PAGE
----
Save, make, understand money


Fraud victims face £3bn compensation shortfall despite new refund code

Joanna Faith
Written By:
Joanna Faith

Innocent victims who are tricked into transferring money to scammers receive less than half their money back on average, research shows.

Around four million people in the UK have been caught out by authorised push payment fraud at some point in their lives. This is when they’re conned into authorising a transfer of money from their account to another account which they believe belongs to a legitimate payee.

The average victim loses £1,387, according to a study by payments solution Shieldpay.

However, despite efforts by regulators to improve levels of compensation by banks – including a voluntary code introduced last year – victims are still being left thousands of pounds out of pocket.

Analysis by Shieldpay reveals victims face a £3bn compensation shortfall in total.

Peter Janes, chief executive of Shieldpay, said: “The industry must do more to protect consumers.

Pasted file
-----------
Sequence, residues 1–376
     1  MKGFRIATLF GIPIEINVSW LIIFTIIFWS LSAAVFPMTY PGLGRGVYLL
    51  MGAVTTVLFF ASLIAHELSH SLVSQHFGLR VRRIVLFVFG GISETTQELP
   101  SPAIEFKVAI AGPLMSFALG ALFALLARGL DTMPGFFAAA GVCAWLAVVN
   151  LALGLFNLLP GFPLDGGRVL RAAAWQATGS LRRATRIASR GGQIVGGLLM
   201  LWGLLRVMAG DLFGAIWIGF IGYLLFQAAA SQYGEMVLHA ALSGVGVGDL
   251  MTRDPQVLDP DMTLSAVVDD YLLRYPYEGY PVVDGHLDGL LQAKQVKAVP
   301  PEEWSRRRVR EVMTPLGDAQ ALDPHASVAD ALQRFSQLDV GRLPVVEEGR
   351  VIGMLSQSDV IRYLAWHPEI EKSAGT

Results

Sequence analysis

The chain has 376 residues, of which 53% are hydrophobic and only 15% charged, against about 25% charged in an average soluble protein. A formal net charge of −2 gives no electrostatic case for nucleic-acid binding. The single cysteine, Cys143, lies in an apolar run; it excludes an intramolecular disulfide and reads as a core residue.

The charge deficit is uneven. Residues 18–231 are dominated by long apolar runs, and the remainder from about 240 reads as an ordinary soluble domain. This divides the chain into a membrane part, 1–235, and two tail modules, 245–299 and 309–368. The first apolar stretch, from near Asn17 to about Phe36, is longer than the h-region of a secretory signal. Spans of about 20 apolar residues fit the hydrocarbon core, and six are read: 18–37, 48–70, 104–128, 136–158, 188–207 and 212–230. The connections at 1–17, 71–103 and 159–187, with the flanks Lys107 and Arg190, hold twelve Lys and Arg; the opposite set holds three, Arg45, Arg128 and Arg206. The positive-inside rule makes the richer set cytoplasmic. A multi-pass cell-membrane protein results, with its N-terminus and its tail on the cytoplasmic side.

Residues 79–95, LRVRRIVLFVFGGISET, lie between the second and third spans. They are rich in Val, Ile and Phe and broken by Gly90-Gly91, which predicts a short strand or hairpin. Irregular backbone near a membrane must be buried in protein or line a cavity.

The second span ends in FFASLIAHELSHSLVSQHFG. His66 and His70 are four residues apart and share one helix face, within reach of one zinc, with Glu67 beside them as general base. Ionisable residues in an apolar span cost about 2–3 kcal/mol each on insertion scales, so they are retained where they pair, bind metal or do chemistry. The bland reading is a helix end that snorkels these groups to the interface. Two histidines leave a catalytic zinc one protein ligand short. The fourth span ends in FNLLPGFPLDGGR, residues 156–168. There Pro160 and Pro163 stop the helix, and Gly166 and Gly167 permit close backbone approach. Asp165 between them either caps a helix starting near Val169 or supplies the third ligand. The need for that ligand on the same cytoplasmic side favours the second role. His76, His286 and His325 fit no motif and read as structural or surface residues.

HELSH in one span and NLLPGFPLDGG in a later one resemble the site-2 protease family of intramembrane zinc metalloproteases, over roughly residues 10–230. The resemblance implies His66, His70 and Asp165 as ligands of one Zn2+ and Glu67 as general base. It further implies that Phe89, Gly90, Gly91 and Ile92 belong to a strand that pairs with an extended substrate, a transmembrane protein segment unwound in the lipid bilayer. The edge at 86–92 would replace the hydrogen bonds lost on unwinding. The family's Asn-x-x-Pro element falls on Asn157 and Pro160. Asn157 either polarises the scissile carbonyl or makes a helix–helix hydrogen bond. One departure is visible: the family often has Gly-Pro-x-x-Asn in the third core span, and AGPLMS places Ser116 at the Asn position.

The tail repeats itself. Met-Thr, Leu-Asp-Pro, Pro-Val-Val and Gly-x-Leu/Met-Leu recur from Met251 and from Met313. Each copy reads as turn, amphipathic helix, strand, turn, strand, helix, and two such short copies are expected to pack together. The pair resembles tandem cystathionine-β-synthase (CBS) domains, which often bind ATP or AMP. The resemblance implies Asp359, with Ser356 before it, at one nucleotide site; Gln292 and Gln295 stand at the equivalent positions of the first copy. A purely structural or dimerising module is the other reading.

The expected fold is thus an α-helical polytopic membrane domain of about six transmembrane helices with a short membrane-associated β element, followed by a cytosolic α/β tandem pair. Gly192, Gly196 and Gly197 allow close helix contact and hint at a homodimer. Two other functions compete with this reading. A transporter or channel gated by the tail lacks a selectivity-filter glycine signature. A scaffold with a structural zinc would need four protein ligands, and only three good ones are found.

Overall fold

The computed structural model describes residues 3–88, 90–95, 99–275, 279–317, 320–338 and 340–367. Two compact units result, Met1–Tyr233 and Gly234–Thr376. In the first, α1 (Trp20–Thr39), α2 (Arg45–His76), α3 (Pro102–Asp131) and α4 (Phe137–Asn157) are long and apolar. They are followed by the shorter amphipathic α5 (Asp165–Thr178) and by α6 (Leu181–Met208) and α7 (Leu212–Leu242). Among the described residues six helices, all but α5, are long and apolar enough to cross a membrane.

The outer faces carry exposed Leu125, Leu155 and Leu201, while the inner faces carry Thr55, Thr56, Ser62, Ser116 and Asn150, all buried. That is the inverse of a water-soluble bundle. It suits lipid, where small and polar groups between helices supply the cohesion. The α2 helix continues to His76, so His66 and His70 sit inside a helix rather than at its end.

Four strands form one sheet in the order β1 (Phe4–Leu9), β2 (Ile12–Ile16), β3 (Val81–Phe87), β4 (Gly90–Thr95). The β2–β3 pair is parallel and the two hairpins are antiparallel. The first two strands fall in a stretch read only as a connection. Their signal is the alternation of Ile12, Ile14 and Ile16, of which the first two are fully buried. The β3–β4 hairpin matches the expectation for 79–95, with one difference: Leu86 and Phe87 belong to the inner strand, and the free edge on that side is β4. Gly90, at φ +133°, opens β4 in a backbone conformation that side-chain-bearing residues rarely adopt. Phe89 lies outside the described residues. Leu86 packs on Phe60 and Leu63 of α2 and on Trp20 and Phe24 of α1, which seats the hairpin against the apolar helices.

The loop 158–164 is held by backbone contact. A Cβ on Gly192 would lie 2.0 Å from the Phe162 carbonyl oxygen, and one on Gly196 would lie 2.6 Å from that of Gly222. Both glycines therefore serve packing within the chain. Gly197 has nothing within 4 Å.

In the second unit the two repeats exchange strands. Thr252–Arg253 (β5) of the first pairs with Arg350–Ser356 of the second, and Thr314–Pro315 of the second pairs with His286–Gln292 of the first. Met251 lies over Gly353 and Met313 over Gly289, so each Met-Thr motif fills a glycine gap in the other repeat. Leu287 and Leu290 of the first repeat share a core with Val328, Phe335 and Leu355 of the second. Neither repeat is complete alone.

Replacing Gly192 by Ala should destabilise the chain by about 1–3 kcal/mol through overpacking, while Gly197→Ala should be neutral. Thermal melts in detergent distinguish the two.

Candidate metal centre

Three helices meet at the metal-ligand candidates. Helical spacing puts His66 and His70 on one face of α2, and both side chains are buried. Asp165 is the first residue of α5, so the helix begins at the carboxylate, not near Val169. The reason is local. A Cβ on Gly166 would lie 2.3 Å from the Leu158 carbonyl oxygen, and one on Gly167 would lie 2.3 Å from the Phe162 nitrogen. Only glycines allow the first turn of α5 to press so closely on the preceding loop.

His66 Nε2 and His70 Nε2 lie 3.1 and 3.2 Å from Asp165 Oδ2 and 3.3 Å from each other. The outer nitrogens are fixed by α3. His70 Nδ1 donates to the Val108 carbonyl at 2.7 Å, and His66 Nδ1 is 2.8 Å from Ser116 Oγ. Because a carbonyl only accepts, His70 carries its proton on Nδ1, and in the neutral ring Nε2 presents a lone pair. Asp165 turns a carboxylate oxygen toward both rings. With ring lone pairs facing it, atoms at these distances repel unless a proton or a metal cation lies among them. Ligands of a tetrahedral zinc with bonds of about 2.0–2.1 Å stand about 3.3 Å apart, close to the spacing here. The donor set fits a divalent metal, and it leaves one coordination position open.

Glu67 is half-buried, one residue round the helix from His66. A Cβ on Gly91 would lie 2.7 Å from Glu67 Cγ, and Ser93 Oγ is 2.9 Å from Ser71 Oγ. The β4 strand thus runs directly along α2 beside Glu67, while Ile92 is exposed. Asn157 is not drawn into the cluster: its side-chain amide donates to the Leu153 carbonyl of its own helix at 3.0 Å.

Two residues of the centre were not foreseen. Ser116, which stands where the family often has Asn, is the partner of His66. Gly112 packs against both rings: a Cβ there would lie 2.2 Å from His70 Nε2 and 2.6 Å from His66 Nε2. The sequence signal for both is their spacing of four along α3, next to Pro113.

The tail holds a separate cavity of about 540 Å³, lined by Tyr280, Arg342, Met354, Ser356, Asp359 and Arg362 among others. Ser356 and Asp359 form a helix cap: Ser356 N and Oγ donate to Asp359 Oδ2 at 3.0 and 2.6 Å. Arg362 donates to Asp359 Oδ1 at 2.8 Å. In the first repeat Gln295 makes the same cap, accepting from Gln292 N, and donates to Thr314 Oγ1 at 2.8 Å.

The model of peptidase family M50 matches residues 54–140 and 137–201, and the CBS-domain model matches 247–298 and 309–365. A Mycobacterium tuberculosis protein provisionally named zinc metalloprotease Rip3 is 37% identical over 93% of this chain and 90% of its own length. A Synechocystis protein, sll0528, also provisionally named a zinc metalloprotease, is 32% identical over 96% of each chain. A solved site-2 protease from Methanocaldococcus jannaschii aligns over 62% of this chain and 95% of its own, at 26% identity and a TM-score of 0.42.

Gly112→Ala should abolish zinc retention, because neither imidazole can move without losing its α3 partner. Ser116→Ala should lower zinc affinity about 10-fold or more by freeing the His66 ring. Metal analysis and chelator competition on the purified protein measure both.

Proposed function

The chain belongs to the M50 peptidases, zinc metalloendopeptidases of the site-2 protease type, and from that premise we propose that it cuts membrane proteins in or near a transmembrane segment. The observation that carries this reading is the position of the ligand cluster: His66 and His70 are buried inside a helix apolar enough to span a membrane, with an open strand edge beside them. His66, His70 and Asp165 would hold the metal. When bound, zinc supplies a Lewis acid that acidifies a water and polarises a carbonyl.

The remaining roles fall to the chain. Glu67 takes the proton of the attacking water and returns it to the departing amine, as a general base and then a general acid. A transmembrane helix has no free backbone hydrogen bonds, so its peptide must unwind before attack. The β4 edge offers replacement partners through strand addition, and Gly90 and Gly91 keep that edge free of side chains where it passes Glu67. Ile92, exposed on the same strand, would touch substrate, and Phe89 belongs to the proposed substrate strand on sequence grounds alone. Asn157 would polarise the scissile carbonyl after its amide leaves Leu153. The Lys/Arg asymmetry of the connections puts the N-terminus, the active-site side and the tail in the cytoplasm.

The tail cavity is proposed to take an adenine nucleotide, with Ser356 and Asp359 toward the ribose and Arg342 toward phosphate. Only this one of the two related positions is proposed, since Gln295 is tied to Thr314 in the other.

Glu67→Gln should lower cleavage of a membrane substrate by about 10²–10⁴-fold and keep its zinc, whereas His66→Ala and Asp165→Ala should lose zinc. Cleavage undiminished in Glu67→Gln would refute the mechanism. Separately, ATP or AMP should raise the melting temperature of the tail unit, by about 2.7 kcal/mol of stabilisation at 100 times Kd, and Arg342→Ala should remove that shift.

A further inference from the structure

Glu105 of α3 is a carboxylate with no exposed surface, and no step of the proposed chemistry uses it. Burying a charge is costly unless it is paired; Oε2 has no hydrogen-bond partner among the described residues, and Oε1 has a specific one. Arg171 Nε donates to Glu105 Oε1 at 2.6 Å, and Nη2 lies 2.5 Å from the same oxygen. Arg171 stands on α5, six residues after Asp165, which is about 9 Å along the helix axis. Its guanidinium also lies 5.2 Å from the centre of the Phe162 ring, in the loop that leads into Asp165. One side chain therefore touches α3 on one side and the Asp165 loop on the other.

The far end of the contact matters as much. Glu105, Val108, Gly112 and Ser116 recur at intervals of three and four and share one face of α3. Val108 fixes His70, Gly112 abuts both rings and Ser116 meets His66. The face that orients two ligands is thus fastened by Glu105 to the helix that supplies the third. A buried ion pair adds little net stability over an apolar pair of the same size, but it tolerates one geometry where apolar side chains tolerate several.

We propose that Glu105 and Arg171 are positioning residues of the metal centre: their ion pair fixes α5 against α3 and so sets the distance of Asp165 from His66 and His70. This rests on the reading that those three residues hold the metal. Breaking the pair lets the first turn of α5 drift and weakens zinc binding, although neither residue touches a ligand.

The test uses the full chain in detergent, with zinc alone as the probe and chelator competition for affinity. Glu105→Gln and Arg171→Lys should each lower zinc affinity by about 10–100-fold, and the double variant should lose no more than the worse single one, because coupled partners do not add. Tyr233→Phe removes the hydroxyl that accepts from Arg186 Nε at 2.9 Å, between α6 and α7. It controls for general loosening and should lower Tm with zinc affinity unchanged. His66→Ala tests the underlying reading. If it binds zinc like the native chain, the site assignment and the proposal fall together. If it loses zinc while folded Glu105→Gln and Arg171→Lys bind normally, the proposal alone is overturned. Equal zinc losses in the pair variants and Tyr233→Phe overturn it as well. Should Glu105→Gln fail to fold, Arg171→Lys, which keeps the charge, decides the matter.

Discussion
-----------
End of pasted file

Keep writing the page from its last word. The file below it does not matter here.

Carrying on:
“The voluntary code is a positive step but compensating victims is simply firefighting without tacking the source of the problem. Fraudsters must be stopped in their tracks and consumers protected against transferring money into accounts which are held by scammers.”

Which banks have signed up to the code?

Banks are currently not obliged to refund customers who unwittingly authorise a transaction. The code, which came into force last May, is strictly voluntary.

Nine banks have now signed up to it: Barclays, HSBC, including First Direct and M&S Bank, Lloyds Banking Group, including Halifax, Bank of Scotland and Intelligent Finance, Metro Bank, NatWest, including RBS and Ulster Bank, Nationwide, Santander, Starling and The Co-operative Bank.

Under the code, banks commit to reimbursing victims who lose money to push payment fraud when it was through no fault of their own.

TSB pledged last year to fully reimburse victims of all kinds of banking fraud.